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Paul Downs Colaizzo Is Really Excited

The talented playwright discusses the Signature Theatre production of his provocative new work, Really Really.

By Washington, DC
Paul Downs Colaizzo
(© Signature Theatre)
Paul Downs Colaizzo
(© Signature Theatre)
The goings-on at college campuses have provided the basis for numerous plays and movies, from such recent offerings as Unnatural Acts and Completeness to American Pie, but few fictional students have faced the dilemmas in Paul Downs Colaizzo's Really Really, which is premiering at Virginia's Signature Theatre on January 31, with a cast featuring Kim Rosen, Bethany Ann Lind, and Paul James (of TV's Greek).

This extraordinarily bracing work pivots on the aftermath of a particular rowdy college party, during which a possibly non-consensual sexual encounter occurs between rich guy Davis and the much poorer Leigh. But the issue of rape is not the primary one Colaizzo wished to explore.

"I wrote the first draft of the play in 2007 shortly after graduating from NYU where I studied to be an actor," says Colaizzo. "The famous Lacrosse team incident at Duke [where a bunch of players were falsely accused of rape] had recently happened was going through my mind. And an even bigger influence was the play Doubt, which had profoundly affected me." Indeed, while Colaizzo has decided in his mind whether a rape occurred -- and shared his opinion with the show's current cast -- audiences are left to wonder what really happened.

Still, Colaizzo's biggest inspiration was a book he had read. "It was called Generation Me, and the play is really about these young people who are motivated by their futures," he says. "They are resilient, and no matter how much they have been given by their parents, they really have to fight to make it. I think we are the generation that we were bred to be by people who gave us a trophy for everything we did. Yet, ultimately ended up in the wrong place and the wrong time."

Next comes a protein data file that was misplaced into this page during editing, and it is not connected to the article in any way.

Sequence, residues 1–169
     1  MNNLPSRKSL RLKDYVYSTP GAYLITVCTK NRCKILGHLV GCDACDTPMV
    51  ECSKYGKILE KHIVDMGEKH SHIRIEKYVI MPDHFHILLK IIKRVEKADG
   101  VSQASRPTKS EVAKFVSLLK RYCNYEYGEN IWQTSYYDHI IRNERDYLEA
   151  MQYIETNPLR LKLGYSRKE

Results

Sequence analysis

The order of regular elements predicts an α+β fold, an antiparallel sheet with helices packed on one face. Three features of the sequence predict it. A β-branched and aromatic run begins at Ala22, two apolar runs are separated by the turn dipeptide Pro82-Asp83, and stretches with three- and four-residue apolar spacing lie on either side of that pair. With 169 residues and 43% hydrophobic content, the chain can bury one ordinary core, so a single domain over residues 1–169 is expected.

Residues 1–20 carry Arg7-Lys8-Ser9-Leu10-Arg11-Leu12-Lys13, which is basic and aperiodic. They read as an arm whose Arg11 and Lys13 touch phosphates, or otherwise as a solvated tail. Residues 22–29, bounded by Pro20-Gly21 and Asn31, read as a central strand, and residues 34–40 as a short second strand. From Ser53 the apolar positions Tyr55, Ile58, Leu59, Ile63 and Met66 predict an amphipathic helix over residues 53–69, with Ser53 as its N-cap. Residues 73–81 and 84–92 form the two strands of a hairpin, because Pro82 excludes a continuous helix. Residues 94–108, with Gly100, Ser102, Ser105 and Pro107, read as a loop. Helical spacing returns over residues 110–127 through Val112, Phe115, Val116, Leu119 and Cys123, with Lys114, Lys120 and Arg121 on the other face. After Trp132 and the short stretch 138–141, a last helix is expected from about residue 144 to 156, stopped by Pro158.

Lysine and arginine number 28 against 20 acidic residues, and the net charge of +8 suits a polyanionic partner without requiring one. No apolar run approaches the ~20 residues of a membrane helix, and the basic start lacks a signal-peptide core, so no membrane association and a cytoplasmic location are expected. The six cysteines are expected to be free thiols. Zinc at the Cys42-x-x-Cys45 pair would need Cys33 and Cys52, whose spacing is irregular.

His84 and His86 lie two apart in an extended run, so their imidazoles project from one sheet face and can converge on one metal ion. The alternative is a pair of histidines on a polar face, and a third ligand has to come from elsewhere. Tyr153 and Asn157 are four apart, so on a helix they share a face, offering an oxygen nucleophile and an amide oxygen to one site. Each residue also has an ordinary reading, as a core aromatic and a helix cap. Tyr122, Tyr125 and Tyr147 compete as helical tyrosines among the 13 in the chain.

He isn't letting his generation off the hook, either. "I've been rewriting constantly ever since the play got a reading at the Kennedy Center in 2009, and some of what you'll see reflects the Occupy Wall Street movement," he says. "I think it showed the world -- and ourselves -- how we deal with our problems. We stand together and bond over our dissatisfaction, but fail to offer any real solutions."

The play will be notable -- some might even say notorious -- for its raw language, with a few sections that could make David Mamet blush. "I think 20 people walked out during the first 10 minutes of the Kennedy Center reading, although back then, I think I used the 'C' word too many times," he says.

"I think the hardest thing I've had to learn is that just because people might speak a certain way in real life doesn't mean it's engaging in the theater. And while I want to represent my generation, I also want to respect all generations, and I am aware that older people are the primary ticket buyers. And your duty is to an audience, and making it effective for them. Otherwise, I would just write a book."

Colaizzo stresses that no one at Signature, including artistic director Eric Schaeffer and the show's director, Matthew Gardiner, has asked him to make changes to accommodate the audience. "What I most admire about Matthew, other than his collaborative nature, is that he's not afraid of the harsh realities I am trying to show. When Eric called me in 2010 to say Signature wanted to do this play he told me he thought everyone else was afraid of it. I know him doing this is a big leap of faith."


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